Health in Focus: Pain in the Neck
Got a pain in the neck?
A new segment called Health in Focus with Dr. Jay Jagannathan explains the causes and treatment for most average aches and pains.
Jagannathan is a local neurosurgeon who has been helping Northern Michigan feel better one patient at a time.
It’s a common cause for emergency room and primary care visits that’s normally treated without surgery.
Most common causes are strains and osteoarthritis, and rarely can be a symptom of a more serious problem.
“Because the neck is constantly in movement through a patient’s activity level, it’s common to have irritation or muscle strains which can cause pain,” Jagannathan says. “most of the time the pain can be self-limiting, which means that it can get better on its own just with rest and taking it slow.”
- Muscle Strains
- Worn Joints
- Nerve Compression
- Bad posture at work, particularly at a desk, can be one cause of neck pain. Positioning computer screens at eye level can help prevent the problem.
- Good posture during heavy lifting at work or in the gym can help prevent muscle strain.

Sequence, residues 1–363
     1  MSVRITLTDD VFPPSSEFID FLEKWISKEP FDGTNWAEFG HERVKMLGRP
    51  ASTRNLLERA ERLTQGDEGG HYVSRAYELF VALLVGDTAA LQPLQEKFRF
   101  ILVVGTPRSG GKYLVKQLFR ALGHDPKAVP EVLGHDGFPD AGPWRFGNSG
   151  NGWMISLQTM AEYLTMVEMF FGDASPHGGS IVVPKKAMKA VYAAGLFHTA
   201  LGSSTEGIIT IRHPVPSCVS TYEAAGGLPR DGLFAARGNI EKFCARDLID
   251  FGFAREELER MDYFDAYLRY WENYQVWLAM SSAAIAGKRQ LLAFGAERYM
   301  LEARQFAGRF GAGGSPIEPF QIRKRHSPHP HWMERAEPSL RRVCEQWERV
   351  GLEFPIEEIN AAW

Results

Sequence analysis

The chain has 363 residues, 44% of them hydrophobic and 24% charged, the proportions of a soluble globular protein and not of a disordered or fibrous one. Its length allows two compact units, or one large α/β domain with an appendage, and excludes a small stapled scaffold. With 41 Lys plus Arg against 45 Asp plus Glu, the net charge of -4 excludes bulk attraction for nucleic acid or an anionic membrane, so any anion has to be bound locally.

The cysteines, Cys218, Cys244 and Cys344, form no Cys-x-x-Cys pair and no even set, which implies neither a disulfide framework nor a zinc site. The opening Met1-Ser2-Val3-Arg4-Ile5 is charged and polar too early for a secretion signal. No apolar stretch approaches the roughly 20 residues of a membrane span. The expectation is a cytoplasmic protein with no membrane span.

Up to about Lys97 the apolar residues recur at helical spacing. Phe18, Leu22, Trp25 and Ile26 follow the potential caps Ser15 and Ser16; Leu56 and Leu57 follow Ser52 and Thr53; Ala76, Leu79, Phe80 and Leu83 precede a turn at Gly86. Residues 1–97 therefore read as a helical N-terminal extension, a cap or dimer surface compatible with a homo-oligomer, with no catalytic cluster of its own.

- “Smoking is a big factor that we see, and smoking is one of the few lifestyle variables that we see that’s really highly correlative to patients who develop problems with disk disease and neck pain,” Jagannathan says. “Stopping tobacco use is critical.”
- Sleep with a pillow that’s comfortable and elevates but doesn’t strain or extend the neck too much.
- Persistent pain for over six weeks
- Worsening pain
- Weakness, balance or coordination problems
- Neck pain with weight loss, headaches, fevers or chills
“Someone that has neck pain that’s been treating it by observation for six to eight weeks, whether that’s with physical therapy or with over-the counter medications and the pain is not resolving, that’s concerning and usually that requires some type of further imaging, whether that’s a CT scan or MRI or X-rays,” Jagannathan says.
For more health information, contact Jagannathan Neurosurgery for neurosurgery, neurology and interventional pain management.
Northern Michigan: 989-701-2538
Upper Peninsula: 906-253-1341
Southeast Michigan: 248-792-6527